A wise man once said, “I’m bad, and that’s good. I will never be good, and that’s not bad. There’s no one I’d rather be than me.”
And as we learned from the fable of Wreck-It Ralph, badness and goodness is all a matter of perspective exacerbated by societal constructs. In other words, the residents of “Niceland” are a bunch of prejudiced dicks.
In this game you play as Cyrus, a Knight who is bound by the heroic quest trope to rescue the Princess held captive in a tower. Naturally a rampage is called for as you cut a path through monster town, but just as you reach the tower a magical explosion prevents any attempt at a rescue and you wake up to find yourself imprisoned and under the curse of community service.
So instead of being the hero you envisaged, you are now doing time in the Witch’s garden, growing and harvesting magical berries with a range of properties in order to sell them and pay off your debt to society. Village repairs range from the minor mending of roads to the extensive full-on renovation of the town square, but as it turns out you’re a significantly better gardener than a knight and you can rake in the profits of your labour pretty quickly.
In terms of gameplay, there isn’t really anything to speak of.
A Hero and a Garden is a visual novel so you don’t get to experience or play your initial rampage to try and reduce any damage and cut your sentence. The only thing you get to do in this game, apart from experience the story, is harvest berries. There’s no real skill to this as each berry plant is mapped to a button prompt which you press to collect your fruity bounty. You can collect each berry singularly and you can enlist the help of adorable chonky bat Sooty to pick the occasional fruit. However there is some pleasure to be had in letting each plant grow to its maximum crop of 3 berries and harvest them all at once in a button clicking frenzy.
The plants all grow at different speeds so you can get yourself into a nice pleasing rhythm of clicking buttons to gather your goodies. Requests for berries come in from various cutesy monster villagers including; the blunt but thoughtful Doctor Horns (Yen), an excitable food-loving turnip called Rutaboo, Nell a shy feline-looking child, and Era a massive shouty claw. Occasionally the Princess and the Witch will also make appearances and requests that drive the story onwards.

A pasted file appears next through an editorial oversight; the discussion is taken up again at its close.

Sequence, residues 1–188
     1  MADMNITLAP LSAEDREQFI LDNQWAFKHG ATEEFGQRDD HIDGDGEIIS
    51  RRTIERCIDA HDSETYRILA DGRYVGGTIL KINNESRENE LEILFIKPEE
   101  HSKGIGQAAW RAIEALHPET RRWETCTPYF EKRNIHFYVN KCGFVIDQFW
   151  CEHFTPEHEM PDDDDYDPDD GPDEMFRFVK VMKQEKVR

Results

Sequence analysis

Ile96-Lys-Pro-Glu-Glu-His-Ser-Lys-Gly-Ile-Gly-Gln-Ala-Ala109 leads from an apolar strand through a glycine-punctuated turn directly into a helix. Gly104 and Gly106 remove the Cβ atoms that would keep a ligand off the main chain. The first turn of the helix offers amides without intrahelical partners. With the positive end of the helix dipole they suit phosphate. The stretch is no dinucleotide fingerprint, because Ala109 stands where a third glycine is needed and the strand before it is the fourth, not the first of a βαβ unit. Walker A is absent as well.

You could be forgiven for thinking that because of the cutesy cartoon graphics the story would be quite sugary and simplistic, but actually it can get pretty deep at times. As both protagonist and antagonist you experience the story through the eyes and interactions of stubborn Knight turned reluctant gardener Cyrus. All the characters you meet have some semblance of a story arc but none so much as Cyrus as he learns to not take things at face value, that just because something is traditional doesn’t mean it’s right for everyone, and it’s often better to forge your own path instead of trying and failing to meet someone else’s expectations.
There are quite a few little life lessons to be learned from this game.
For both by adults and children alike, and if I did have kids I’d be more than happy for them to engage in this delightful and charming tale. It takes a gentle, but not trivial approach around themes such as LGBT relationships, toxic masculinity and domestic abuse which make the characters feel a little more realistic with relatable motivations instead of just standard fairy tale caricatures.
It’s not an epic by any means and you can complete the game in roughly 1–2 hours. There aren’t multiple endings in the typical sense of good/bad / “true” endings, but you can conclude the story in a few different ways based on who you choose to be BFFs with.
You can still download the game for free for Windows, macOS, and Linux from npckc’s website, but if you pay $3 or more, you can support them in their game-making adventures and also receive a digital art collection that includes all art from the game along with design sketches.
In all honesty for the small price of a PSL and a muffin, A Hero and a Garden is an inexpensive way to warm the cockles of your heart.
A Hero and a Garden is a cheap and charming morality tale that never gets overly preachy or saccharine. As a visual novel don’t expect too much in the way of gameplay, instead sit back let the tale unfold and occasionally nip out to your garden to build up a button-bashing berry collection rhythm.
Review code provided
Platform: PC, Xbox, PlayStation, Nintendo, Mobile
Release Date: 28/08/2020
No. of Players: 1
Category: RPG, Sim
Publisher: Ratalaika Games
Download link: US eShop / UK eShop